The tachometer is commonplace in vibration analysis when the test item has a rotating component, such as a motor or machine. Tachometers measure rotational speed, usually in rotations per minute (RPM). Engineers can use information from this measurement, along with the vibration of the rotating component, to bolster their analysis.
Vibration of Rotating Components
Rotational vibration is typically sinusoidal with a frequency related to the rotational speed and its harmonics (multiples of the reference RPM) . Engineers should consider sinusoidal vibration when designing rotating machinery, as it can impact performance and reliability. If its frequency is close to another component’s fundamental frequency, resonant excitation may occur and cause damage.
Additionally, a rotating component’s sinusoidal vibration will change as the component fatigues, potentially shifting its frequency and harmonics. Analyzing a test item’s rotational vibration can help engineers monitor conditions and diagnose faults.
Benefits of Tachometer Data
A vibration transducer, such as an accelerometer, detects the vibration of a rotating object. Engineers can correlate the rotational speed from the tachometer with this vibration data to analyze patterns. Synchronizing the recordings allows for a comprehensive understanding of machine behavior and helps detect issues related to vibration and rotation.
Example Tachometer Applications
- Detecting issues like unbalance and misalignment, which can vibrate at a frequency related to the rotation
- Detecting machinery faults; vibration irregularities at frequencies related to the rotation can indicate problems with the rotational component, like gear damage or tooth breakage
- Tracking variation in rotation speed, allowing for a more accurate vibration analysis of complex machinery
- Identifying the critical speeds at which resonance may occur
- Monitoring changes in rotational speed to detect abnormal conditions or wear in the machinery
One specific application of tachometer data is order analysis. Order analysis differentiates rotational vibration from random vibration in an output signal. Engineers can use this method to identify how a rotating component contributes to a machine’s overall vibration levels.
Order analysis separates rotational or reciprocating vibration into “orders” corresponding to the reference RPM and its harmonics. Fatigue and damage often relate to harmonics, and analyzing order content helps locate/prevent faults.
To extract orders from recorded data, engineers often perform a run-up or coast-down that steadily increases the RPM as a sweep. The analysis software plots the frequency response versus angular velocity (calculated from the RPM) and extracts the orders. In the ObserVIEW software, for example, a tracking filter that closely follows the RPM of the tachometer trace extracts vibration data for the selected order number while rejecting out-of-band data. Engineers can then analyze/manipulate the data and compare amplitudes to assess the orders’ significance.
A spectrogram is a helpful tool to help identify order lines. It displays the strength of a signal over time at various frequencies. Below is a time-history waveform with an RPM trace and a tachometer-based spectrogram; the dashed red lines indicate the orders with the highest amplitudes.
How to Record Tachometer Data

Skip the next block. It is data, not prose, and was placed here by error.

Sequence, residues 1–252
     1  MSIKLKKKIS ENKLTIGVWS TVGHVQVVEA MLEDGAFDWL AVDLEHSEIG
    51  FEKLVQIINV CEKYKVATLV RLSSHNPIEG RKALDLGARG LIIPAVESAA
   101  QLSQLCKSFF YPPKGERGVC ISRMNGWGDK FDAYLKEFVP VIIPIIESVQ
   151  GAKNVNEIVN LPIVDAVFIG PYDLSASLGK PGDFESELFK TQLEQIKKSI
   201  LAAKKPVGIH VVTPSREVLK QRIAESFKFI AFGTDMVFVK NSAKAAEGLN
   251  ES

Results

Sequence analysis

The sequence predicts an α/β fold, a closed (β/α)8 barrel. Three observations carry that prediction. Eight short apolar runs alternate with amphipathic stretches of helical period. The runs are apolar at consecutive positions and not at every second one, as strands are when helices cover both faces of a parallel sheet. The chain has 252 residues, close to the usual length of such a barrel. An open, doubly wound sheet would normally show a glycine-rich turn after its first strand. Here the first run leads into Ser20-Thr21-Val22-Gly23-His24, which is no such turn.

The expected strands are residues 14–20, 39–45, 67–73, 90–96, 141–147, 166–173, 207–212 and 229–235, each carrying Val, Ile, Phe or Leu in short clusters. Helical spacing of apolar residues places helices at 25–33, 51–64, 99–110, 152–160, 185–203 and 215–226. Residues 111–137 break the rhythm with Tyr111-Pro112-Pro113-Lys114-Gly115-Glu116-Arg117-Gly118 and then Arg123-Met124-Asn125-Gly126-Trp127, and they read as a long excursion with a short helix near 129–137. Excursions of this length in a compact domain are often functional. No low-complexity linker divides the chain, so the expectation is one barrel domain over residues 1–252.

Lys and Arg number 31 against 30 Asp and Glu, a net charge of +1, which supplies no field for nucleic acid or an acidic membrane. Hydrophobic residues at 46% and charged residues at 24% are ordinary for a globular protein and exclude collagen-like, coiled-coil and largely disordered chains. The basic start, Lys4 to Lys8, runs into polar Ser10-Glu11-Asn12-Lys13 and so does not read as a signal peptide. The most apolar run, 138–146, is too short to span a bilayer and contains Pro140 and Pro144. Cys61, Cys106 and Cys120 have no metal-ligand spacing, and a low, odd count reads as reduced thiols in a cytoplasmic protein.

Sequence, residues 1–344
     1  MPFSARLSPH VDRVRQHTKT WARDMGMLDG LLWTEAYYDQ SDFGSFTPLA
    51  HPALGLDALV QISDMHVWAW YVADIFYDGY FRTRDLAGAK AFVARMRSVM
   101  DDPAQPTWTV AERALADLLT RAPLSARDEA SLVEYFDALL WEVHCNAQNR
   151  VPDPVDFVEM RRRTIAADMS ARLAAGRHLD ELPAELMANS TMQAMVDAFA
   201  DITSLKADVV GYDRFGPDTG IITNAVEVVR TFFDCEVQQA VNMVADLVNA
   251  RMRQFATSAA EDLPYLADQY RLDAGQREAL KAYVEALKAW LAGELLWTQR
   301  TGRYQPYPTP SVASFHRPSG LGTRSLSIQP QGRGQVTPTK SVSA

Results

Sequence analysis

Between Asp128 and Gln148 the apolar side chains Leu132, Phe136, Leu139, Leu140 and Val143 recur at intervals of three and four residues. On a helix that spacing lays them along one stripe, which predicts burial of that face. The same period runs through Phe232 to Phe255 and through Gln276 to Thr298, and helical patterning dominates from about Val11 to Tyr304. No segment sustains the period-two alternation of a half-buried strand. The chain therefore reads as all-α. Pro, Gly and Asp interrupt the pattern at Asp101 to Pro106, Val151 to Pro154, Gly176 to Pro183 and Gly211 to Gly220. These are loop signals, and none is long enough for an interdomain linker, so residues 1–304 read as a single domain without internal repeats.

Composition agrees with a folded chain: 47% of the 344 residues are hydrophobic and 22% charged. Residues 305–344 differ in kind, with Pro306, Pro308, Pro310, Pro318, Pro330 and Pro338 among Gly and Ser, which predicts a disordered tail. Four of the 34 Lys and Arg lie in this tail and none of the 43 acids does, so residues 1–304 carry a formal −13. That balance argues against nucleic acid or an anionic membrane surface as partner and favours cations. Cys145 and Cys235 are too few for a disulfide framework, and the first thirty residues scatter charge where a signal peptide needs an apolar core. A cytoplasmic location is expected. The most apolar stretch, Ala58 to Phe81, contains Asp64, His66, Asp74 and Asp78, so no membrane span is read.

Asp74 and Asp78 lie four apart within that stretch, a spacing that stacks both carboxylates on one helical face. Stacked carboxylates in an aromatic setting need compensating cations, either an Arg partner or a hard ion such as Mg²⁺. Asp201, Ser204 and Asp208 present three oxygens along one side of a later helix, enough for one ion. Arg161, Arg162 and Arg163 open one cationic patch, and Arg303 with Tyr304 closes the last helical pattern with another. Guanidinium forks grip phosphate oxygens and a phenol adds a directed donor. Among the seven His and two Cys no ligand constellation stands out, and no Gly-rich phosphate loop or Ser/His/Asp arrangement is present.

Tachometers vary in design and configuration. There are contact and non-contact instruments, as well as laser and optical options. A typical selection for vibration recording may include:
- Non-contact tachometer, where the tachometer pulse is triggered by the passing of reflective tape adhered to the rotating component
- Magnetic tachometer, where a magnetic pickup near the rotating component produces an electrical pulse at a frequency proportional to the rotational speed
Data acquisition (DAQ) devices such as the ObserVR1000 support tachometer inputs for synchronous recording with vibration. The ObserVR1000’s tachometer input LEMO connector is on its front panel. After connection, the user can configure the tachometer in the VR Mobile application. The parameters include:
- Tach type (dual or quadrature)
- Encoder type (wheel, rotational, or scalar)
- Wheel diameter and units
- Tach position units and speed units
Engineers can apply a low-pass filter to the tachometer signal to remove high-frequency noise. In VR Mobile, the Tach Filter Width determines the corner frequency for the low-pass filter. A too-narrow corner frequency can distort fast changes in the tachometer reading.
The sampling rate determines the interval at which the data acquisition system measures the tachometer signal and sequences the values. A machine with rapid RPM changes requires a higher sample rate to capture accurate data. Engineers should also consider the characteristics of the low-pass filter, the maximum RPM, data storage, and the instrument’s precision when selecting a tachometer’s sample rate.
The trigger level determines the level at which the DAQ device records the tachometer signal. It may be a threshold voltage level/range or an amplitude on the signal’s rising positive edge/falling negative edge.
More generally and according to Aherwar in , several factors influence the vibration of rotational components: “(i) the rotational speed of the items; (ii) the background noise and/or vibration level; (iii) the location of the monitoring transducer; (iv) the load sharing characteristics of the item; and (v) the dynamic interaction between the item and other items in contact with it.” Engineers may consider these factors when analyzing rotational components.
Record Tachometer Data
The ObserVR1000 portable DAQ and signal analyzer includes a configurable two-channel tachometer input. Engineers can use the VR Mobile application for smart setup, monitoring, and interaction with the ObserVR1000.